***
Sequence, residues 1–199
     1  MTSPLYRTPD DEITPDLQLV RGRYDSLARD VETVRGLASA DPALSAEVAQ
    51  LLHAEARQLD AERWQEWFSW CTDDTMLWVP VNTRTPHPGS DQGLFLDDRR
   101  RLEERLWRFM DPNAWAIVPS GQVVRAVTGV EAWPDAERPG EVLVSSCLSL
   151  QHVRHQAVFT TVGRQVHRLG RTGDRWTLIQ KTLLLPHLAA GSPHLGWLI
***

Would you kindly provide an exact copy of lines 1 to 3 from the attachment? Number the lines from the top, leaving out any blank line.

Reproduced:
Sequence, residues 1–199
     1  MTSPLYRTPD DEITPDLQLV RGRYDSLARD VETVRGLASA DPALSAEVAQ
    51  LLHAEARQLD AERWQEWFSW CTDDTMLWVP VNTRTPHPGS DQGLFLDDRR